Thousands of Israelis have been forced to evacuate six settlements outside al-Quds amid a raging wildfire.
A large blaze broke out about 13 kilometers (8 miles) west of al-Quds on Sunday, blanketing the city in smoke.
Israelis in Beit Meir, Ksalon, Shoresh, Sho’eva, Ramat Raziel and Givat Ye’arim were asked to evacuate their settler units as a precaution.
Police spokesman Eli Levi told Army Radio that at least 10,000 people have been evacuated from their units so far. Several roads were blocked due to the forest fire, according to the police.
The region’s fire chief, Nissim Twito, said the blaze may be the biggest in recent years in the area, adding that 60-70 firefighting teams and 12 aircraft were fighting the flames.
The Kan public broadcaster reported that at least three people were being treated for smoke inhalation.
A 32-year-old firefighter was also injured while battling flames near Shoresh on Sunday evening. His injury was classified as moderate.
Channel 13 quoted an unnamed fire-and-rescue official as saying that the fire was likely sparked by humans, but the official said it is not clear year whether it was arson or negligence.
Emergency units from other regions assisted the local services as strong winds were fanning the flames. The Israeli military also joined firefighters in the battle against the blaze.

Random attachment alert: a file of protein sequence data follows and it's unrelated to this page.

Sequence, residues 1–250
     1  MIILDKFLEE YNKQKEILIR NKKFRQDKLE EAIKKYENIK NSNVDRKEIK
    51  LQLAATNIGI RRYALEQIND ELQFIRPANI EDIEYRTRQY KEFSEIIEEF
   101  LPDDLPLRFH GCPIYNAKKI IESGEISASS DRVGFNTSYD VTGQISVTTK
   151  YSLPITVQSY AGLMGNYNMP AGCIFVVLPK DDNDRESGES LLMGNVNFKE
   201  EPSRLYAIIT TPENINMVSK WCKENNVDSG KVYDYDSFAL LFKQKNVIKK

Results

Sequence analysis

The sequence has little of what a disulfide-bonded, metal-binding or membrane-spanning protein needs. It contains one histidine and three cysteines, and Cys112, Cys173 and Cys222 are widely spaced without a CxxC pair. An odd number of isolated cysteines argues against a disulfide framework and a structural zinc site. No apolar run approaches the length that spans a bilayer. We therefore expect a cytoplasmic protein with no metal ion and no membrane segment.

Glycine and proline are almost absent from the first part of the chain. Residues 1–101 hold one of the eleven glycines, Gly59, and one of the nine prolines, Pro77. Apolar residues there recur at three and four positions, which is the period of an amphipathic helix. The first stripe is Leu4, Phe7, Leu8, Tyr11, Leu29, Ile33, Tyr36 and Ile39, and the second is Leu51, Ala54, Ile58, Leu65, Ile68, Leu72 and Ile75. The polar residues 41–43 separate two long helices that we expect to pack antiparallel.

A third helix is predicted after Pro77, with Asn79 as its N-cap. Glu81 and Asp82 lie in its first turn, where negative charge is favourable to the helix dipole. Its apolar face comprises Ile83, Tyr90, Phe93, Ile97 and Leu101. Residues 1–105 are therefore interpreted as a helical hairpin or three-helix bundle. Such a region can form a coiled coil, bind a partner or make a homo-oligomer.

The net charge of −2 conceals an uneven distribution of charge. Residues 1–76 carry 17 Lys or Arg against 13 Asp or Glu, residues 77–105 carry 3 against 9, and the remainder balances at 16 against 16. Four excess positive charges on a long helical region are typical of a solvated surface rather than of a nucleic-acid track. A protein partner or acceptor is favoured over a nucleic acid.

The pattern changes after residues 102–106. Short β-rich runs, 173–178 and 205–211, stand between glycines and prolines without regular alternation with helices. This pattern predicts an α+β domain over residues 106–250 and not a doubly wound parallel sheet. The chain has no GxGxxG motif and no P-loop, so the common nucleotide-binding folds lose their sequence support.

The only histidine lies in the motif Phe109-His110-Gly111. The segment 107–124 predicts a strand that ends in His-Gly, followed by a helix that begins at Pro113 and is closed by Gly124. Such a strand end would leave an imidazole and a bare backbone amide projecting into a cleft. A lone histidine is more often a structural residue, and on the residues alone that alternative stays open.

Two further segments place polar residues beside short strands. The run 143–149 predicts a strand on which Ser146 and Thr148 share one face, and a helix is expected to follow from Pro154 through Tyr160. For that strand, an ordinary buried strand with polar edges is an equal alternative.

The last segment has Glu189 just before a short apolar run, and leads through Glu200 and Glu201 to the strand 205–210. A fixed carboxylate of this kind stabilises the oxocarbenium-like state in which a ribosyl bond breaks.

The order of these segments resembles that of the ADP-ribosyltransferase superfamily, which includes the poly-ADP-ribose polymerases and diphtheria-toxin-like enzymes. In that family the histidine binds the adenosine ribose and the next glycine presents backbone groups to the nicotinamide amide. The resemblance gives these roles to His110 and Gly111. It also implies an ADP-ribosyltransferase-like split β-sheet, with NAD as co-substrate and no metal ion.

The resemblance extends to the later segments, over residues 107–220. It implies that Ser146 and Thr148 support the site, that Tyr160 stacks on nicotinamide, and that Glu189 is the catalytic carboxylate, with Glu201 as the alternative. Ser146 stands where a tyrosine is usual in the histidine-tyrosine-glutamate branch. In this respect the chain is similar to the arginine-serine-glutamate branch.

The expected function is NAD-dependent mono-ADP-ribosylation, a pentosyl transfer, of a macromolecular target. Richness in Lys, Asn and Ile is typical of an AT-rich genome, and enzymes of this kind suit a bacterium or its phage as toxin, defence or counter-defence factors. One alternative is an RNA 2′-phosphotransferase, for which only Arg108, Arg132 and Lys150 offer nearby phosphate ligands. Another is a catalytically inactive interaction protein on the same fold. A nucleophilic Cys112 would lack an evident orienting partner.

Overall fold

By Sunday evening, the fire in Beit Meir, Shoresh, Sho’eva and Ksalon was largely under control, according to local officials, but the blaze in Ramat Raziel and Givat Ye’arim was still burning.
Israel’s prime minister Naftali Bennett said he would weigh if there was a need to accept offers of firefighting assistance from abroad.
Earlier this month, another major blaze hit the area. Despite the soaring temperatures that caused forest fires in Mediterranean countries, including Greece, Turkey and Algeria, in recent weeks, the local fire chief said that blaze was likely started by people rather than the weather.
In June, Israeli authorities claimed that Palestinians were suspected of being behind the fires that erupted near al-Quds.
More than 600,000 Israelis live in over 230 settlements built since the 1967 Israeli occupation of the West Bank and East al-Quds.
All Israeli settlements are illegal under international law as they are built on occupied land. The United Nations Security Council has condemned Israel’s settlement activities in the occupied territories in several resolutions.